PTC Therapeutics announced a deal Thursday to acquire all rights to Marathon Pharmaceuticals' Duchenne muscular dystrophy (DMD) therapy Emflaza (deflazacort) for an upfront payment of $140 million. Emflaza was approved in the US in February to treat patients aged five years and older with DMD regardless of genetic mutation, making it the first clearance of a corticosteroid to treat the disease, although the product's launch has been delayed amid concerns over its annual list price of $89 000.
The launch delay followed a request by US Representative Elijah Cummings and Senator Bernie Sanders for Marathon to justify the drug's list price, noting the therapy is available in other countries, including Canada and the UK, for about $1000 a year, while US patients had been able to import the therapy for "decades." Marathon has estimated that the net price of Emflaza in the US following discounts and rebates would be $54 000 a year (for related analysis, see Spotlight On: PhRMA's hands may be tied when it comes to dealing with Marathon). Meanwhile, Cummings and Sanders have since also asked the FDA to provide information about the "unusual circumstances" surrounding Emflaza's approval, notably on the data used to evaluate the drug and why Marathon was given market exclusivity for a 20-year-old treatment that the company did no significant research on.
Commenting on the agreement with PTC Therapeutics, Marathon CEO Jeff Aronin remarked "our goal has always been to ensure Emflaza is studied, understood and available to any Duchenne patient who needs it, and we determined that this transaction is the best path for ensuring that will happen." He said with the US approval, "the focus can turn to ensuring patients have access to this important therapy," adding that PTC Therapeutics "is ideally positioned to achieve this shared goal."
Under the terms of the Emflaza deal, which is expected to close in the second quarter, the upfront consideration consists of about $75 million in cash and roughly $65 million in PTC Therapeutics' common stock. Marathon is also eligible to receive payments based on annual net sales of Emflaza beginning in 2018, which PTC Therapeutics expects will range as a percentage of net sales between the low to mid-20s. Further, Marathon has the opportunity to receive a single sales-based milestone of $50 million. PTC Therapeutics anticipates that the transaction will be accretive to both earnings and cash flow beginning in 2018.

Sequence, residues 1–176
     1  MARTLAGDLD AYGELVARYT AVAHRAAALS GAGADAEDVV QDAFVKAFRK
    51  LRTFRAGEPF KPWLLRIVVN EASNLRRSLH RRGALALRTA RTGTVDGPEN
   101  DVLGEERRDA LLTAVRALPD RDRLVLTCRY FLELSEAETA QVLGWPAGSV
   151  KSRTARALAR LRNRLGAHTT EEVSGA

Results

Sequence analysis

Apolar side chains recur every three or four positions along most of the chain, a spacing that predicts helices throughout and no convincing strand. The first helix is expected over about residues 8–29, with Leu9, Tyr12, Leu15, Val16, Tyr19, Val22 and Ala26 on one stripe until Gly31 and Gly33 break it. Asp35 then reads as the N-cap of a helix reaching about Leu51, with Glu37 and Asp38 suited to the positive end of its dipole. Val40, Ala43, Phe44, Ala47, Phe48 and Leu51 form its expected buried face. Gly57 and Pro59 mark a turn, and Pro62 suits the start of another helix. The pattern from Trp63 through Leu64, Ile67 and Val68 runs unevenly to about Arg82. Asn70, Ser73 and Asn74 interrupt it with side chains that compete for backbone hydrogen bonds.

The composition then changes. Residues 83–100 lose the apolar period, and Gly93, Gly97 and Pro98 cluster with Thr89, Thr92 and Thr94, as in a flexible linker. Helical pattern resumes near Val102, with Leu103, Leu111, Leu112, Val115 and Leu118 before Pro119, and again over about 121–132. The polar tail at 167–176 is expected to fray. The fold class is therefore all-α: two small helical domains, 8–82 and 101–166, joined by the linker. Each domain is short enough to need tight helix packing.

Stuart Peltz, chief executive officer of PTC Therapeutics, stated "we believe Emflaza is a disease-modifying therapy that has been shown to slow disease progression," while chief commercial officer Mark Rothera indicated that the company plans to "re-examine the price" and will "share more information after the transaction closes."
Last November, the European Medicines Agency's Committee for Medicinal Products for Human Use recommended the renewal of conditional approval of PTC Therapeutics' Translarna (ataluren) for the treatment of nonsense mutation DMD in ambulatory patients aged five years and older. The FDA had issued a refuse-to-file letter in 2016 for PTC Therapeutics' new drug application for Translarna, but the company announced earlier this month that the agency recently acknowledged the filing. Meanwhile, the drug recently failed a Phase III study in patients with nonsense mutation cystic fibrosis.
The only other DMD drug approved in the US is Sarepta Therapeutics' Exondys 51 (eteplirsen), which the FDA cleared last year for patients who have a confirmed mutation of the dystrophin gene amenable to exon 51 skipping.
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